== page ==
Music

Mountain Sounds Organisers Confirm They’re In Liquidation, Blame Last-Minute Cancellation

"This is yet another example of the catastrophic impact the new policies will have on not just festival organisers but all parties involved should the new policies go ahead."

Mountain Sounds Festival

Towards the beginning of February, beloved and long-running Australian music festival Mountain Sounds announced the cancellation of their 2019 event.

Since then, while Gladys Berejiklian and her state government have been desperately attempting to blame anyone but themselves for the festival’s cancellation, and rumours have swirled that the festival had been forced into liquidation.

Now those rumours have been confirmed via a statement released to Music Junkee from the Mountain Sounds organisers. In the statement, the organisers cite being “forced to cancel the event a week out from when it was due to take place” as the primary reason for the liquidation.

“Cancelling the event has meant we have had to forfeit all artist and infrastructure deposits and many other upfront expenses plus have forgone all on day and sponsorship revenue expected meaning we have been unfortunately forced into liquidation for now,” reads the statement.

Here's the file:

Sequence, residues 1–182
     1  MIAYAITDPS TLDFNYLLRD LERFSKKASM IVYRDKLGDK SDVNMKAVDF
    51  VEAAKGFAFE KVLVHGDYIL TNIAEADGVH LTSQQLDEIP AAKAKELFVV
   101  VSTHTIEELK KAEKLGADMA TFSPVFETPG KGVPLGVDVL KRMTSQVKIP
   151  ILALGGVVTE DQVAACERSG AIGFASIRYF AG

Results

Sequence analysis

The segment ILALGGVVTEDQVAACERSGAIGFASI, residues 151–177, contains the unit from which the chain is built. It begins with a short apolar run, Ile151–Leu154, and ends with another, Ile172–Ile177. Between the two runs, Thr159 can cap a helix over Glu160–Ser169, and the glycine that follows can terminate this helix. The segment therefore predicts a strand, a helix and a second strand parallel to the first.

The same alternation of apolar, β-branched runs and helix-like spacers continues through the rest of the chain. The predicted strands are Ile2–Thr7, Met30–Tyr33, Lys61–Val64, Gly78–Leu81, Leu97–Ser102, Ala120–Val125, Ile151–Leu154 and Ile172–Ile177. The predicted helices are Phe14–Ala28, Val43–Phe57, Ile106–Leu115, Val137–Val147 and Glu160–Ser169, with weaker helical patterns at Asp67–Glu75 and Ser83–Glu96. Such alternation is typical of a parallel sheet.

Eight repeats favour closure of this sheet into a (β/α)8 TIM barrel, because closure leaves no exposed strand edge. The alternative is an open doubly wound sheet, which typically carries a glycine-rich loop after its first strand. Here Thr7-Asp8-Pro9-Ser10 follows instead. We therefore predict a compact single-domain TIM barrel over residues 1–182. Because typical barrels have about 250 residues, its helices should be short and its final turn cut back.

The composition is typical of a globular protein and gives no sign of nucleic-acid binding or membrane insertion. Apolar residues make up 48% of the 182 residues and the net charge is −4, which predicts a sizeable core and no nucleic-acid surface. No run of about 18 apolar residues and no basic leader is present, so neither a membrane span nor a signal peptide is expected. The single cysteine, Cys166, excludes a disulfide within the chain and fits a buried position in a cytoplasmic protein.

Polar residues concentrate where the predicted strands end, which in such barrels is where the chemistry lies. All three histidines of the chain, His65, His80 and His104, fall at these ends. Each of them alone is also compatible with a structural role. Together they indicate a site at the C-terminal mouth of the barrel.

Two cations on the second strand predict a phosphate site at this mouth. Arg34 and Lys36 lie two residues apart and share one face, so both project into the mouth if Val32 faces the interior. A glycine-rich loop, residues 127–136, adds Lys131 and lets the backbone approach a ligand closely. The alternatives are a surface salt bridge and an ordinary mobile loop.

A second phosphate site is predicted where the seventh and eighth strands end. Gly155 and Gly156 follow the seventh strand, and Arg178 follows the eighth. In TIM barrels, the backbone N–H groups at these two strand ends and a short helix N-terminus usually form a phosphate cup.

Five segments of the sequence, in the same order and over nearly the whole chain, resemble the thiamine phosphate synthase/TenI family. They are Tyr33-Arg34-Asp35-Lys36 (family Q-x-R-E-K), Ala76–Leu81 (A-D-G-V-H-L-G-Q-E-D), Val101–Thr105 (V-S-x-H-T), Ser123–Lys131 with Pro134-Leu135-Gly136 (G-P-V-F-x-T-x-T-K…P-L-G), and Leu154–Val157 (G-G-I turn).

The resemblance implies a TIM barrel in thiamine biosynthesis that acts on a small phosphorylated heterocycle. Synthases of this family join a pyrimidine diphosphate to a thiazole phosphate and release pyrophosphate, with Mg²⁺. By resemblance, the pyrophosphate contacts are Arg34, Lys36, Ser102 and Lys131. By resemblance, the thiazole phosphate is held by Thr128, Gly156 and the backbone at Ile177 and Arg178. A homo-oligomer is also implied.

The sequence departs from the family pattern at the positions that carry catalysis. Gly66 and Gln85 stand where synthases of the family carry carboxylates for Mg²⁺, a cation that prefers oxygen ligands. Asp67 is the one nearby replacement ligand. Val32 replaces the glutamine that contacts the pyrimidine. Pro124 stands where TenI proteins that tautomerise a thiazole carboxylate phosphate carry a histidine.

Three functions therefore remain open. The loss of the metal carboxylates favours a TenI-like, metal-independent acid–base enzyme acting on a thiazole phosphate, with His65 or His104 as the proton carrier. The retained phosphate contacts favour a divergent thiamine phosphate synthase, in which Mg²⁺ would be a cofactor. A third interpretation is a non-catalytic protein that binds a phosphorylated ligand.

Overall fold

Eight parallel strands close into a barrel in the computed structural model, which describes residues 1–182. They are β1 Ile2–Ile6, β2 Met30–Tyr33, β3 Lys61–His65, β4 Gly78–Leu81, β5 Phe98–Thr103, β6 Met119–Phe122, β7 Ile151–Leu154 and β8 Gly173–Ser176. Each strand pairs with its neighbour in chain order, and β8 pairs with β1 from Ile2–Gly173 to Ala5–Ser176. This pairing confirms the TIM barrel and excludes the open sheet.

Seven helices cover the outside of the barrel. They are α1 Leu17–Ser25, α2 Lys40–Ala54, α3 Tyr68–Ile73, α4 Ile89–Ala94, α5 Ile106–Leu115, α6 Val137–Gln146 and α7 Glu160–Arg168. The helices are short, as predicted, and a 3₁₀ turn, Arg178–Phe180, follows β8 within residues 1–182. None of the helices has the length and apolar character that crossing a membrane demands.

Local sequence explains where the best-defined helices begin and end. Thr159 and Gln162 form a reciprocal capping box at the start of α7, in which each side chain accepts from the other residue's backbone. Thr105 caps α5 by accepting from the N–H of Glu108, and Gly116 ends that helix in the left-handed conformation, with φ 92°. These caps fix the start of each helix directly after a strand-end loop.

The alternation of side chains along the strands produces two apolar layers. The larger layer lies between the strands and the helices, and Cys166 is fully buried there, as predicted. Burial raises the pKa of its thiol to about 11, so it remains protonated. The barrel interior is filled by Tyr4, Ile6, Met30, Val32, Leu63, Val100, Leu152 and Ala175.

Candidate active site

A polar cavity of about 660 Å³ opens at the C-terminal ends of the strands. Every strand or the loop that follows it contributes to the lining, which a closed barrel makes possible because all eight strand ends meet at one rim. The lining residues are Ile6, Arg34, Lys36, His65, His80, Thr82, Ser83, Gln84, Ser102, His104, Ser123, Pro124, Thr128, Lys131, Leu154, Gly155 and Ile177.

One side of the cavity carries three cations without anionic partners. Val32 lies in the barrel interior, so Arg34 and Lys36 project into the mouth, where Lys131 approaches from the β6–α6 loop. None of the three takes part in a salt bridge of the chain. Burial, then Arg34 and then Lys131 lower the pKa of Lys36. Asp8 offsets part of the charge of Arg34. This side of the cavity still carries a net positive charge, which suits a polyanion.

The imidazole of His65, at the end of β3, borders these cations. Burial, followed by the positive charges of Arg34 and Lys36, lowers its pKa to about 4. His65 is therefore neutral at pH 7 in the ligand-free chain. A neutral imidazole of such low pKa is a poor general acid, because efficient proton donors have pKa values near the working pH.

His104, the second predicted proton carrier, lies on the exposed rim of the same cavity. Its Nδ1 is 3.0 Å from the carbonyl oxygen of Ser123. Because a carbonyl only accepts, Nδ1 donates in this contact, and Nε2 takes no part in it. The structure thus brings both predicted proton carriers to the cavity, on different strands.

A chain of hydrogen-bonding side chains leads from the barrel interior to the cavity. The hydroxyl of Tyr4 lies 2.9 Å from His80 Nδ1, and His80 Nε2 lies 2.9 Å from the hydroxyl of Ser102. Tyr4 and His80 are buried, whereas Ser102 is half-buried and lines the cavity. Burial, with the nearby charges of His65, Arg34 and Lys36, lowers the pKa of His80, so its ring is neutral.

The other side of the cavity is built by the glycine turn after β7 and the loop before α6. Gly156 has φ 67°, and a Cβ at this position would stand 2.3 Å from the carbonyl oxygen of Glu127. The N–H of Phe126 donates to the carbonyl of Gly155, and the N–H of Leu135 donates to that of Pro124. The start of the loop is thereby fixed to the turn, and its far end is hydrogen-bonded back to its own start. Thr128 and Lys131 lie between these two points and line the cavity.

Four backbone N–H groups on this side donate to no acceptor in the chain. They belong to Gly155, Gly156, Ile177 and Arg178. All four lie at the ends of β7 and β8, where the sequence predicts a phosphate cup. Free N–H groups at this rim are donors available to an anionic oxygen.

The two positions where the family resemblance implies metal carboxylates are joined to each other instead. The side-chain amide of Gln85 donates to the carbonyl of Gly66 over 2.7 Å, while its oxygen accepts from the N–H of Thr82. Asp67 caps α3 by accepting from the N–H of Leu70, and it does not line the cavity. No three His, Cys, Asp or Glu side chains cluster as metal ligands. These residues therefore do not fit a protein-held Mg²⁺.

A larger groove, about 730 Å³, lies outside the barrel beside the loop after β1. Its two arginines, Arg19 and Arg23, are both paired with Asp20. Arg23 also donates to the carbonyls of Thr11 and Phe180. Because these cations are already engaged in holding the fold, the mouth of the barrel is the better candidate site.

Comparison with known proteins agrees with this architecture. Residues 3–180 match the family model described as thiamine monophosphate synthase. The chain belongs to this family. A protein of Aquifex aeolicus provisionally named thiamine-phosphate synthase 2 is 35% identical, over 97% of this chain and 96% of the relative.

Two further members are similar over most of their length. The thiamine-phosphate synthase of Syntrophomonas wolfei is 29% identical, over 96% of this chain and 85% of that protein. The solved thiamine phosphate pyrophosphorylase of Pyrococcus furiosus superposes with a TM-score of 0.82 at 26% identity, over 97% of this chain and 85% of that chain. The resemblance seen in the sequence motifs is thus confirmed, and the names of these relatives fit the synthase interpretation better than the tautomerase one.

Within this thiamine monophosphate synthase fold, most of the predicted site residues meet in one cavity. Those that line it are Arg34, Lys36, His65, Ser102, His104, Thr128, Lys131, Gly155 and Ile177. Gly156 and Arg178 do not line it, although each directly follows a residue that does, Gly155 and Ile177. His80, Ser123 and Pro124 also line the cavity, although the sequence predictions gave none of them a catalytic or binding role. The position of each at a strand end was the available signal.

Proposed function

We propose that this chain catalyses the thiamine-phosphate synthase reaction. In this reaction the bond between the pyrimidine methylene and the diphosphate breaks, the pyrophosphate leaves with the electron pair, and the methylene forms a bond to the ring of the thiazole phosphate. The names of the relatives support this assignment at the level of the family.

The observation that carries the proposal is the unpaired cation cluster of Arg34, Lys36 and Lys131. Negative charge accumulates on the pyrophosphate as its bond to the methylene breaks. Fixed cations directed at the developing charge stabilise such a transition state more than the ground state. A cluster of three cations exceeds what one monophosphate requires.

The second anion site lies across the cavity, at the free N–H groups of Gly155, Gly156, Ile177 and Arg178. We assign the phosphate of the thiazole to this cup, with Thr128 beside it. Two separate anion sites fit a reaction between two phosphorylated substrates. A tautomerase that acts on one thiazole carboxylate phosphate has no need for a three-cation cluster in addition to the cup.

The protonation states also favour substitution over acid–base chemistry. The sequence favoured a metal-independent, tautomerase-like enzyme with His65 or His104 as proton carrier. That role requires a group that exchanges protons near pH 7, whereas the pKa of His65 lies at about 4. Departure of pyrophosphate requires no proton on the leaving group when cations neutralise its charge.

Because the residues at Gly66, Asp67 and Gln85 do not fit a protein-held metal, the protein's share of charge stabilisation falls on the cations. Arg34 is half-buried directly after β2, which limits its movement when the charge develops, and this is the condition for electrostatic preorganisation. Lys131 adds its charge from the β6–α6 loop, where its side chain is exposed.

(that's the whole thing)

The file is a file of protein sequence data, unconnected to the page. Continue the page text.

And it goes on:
“This is yet another example of the catastrophic impact the new policies will have on not just festival organisers but all parties involved should the new policies go ahead.”

The statement also hits back at previously reported claims that Mountain Sounds owe booked artists huge sums of money — the organisers claim that they have paid back “the majority of acts deposits required of them at the time of cancellation.”

In particular, it was being reported that headliner Courtney Barnett was owed nearly $100,000. According to organisers, that is incorrect: “Courtney Barnett was paid her 50 percent ($47,850) deposit as per contract prior to the event cancellation,” they clarified. “[Barnett] is owed $47,850, which would have been paid if the event went ahead.”

When the fest was first cancelled, organisers claimed that a sudden increase in user-pay police made it impossible for them to keep up with swelling costs.

“Despite receiving an invoice for 11 user pay police at 10:46am on February 7, at the meeting — a mere 14 minutes later at 11am — we were advised this number had increased to 45 user pay police, amounting to an upfront cost of approximately $200,000,” organisers explained at the time.

“It is outrageous that we and every other event in this State have had zero opportunity to have any consultation or input into the new policies.”